I'll admit that this is one that I haven't done, so I'm cribbing from Lucas's 5 minute tutorial. Prerequsite for this is being able to do a chest pull-up (overhand pull-up where you bring your chest to the bar) and a bar dip (starting
stiff-armed over the bar, lowering your chest to the bar, then pushing back up).
- Hang from the bar and swing your body forward. Right after the apex of your swing (as you're starting to swing back), do the chest pull-up. You'll feel the backwards swing pushing you to the back of the bar as you do the pull-up.
- Practice doing a pull-up and releasing your grip before you hit the top, then grabbing again. You should have enough explosive power to move up a bit vertically during the release. There's a grip switch for muscle-ups between the pull-up and dip parts, and this will help you learn it.
- Combine the prior two steps, swinging back into the pull-up and then doing the re-grip.
- Practice a reverse muscle-up (eccentric motion, I think), going to the top of the dip position, and lowering yourself through the motion, including the hand switch between the dip and pull-up part.
- Proceed to the full muscle-up. Don't be afraid to kip your legs while you're learning to gain momentum. It's practically necessary starting out.
One arm Push up
The two keys to this are balance and arm positioning. For balance, start with your legs spread to make the balance part easier. As regards arm positioning, you'll want to start with your hand further inwards and with your fingers point outwards to your side. The progression from a regular push-up to one-armed is basically one of progressively loading the arm with more of the bodyweight. I will assume you can do a regular pushup already.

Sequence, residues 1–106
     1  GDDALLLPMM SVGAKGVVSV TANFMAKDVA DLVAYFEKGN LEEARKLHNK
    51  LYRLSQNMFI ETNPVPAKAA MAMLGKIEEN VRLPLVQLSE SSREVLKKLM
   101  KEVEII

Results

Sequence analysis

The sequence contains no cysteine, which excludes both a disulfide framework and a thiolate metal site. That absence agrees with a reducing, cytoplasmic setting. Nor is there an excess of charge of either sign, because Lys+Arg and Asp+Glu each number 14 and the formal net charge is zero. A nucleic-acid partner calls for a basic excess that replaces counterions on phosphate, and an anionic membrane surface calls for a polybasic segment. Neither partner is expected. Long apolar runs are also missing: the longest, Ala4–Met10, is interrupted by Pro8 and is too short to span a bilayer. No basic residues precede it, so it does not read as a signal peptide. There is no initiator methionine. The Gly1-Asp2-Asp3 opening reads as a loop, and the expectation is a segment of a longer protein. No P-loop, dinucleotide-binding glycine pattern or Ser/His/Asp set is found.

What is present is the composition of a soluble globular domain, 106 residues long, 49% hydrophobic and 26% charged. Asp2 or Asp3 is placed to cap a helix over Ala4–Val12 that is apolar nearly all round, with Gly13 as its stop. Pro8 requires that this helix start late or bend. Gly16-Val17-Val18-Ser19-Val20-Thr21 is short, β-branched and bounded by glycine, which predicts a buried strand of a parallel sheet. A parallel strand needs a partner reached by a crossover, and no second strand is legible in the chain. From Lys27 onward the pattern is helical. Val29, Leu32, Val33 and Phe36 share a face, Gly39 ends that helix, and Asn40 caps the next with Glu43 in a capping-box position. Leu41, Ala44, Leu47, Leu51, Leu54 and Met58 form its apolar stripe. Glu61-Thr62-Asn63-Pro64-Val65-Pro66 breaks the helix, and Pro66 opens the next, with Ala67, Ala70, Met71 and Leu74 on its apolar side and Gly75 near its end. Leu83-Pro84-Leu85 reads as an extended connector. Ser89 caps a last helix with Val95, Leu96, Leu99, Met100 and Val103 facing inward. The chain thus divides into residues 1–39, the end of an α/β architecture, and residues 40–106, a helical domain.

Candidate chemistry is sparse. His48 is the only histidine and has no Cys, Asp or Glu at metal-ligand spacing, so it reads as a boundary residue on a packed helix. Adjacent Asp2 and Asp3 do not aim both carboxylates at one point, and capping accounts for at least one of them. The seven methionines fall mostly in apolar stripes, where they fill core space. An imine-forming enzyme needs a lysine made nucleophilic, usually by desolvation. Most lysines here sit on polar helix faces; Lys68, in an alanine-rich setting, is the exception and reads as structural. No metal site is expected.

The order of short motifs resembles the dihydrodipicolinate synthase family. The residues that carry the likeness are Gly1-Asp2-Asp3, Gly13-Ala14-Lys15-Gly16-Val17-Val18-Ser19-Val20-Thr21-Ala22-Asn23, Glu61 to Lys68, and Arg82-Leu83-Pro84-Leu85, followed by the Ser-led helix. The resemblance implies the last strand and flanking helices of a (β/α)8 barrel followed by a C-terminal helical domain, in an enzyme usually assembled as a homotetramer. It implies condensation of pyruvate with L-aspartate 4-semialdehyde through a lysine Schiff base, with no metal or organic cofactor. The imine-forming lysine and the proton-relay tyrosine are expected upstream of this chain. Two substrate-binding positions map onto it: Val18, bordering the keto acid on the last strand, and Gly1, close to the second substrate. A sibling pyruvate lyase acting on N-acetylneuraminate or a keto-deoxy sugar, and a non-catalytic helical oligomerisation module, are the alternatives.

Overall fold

- Side-to-side pushups: This is just a regular pushup, but shifting your chest over one hand during the down and up, then doing the other side. Start off with a smaller shift and continue working it until you can comfortably do pushups with the dominant hand at the center of your chest.
- Reduce the leverage of one-hand: Decide which hand will be the dominant one. The other one, move it to one side, or in front of you. As you descend, let the non-dominant hand slide out with a nearly straight elbow. You won't be able to as easily support your weight with it, which will force you to put more of your bodyweight on the dominant arm.
- Continue putting less weight on the non-dominant arm until it's largely just for balance. Now, you'll do the leg spreading trick for balance and just use the one arm.
As is always the case for push-ups, you can do progressions for any given step by having your arms start at a more elevated position. I personally skipped steps 1 and 2 when I started, because I was unaware of them, and started by doing one-armed pushups on a counter-top, then a chair, then a low platform, then the floor.
Your first step, as with most planche and lever moves, is to start with a tucked version. Grab hold of your bar, or rings, and bring your legs up and through your legs. Get used to hanging upside down for a time. Then, start extending your legs further, controlling your movement. Your first step will probably be a "skin the cat" where you let your legs go down past the horizontal into vertical. By doing that repeatedly in a slow and controlled manner, you will build up the core and shoulder strength to do the back lever.
One arm pull up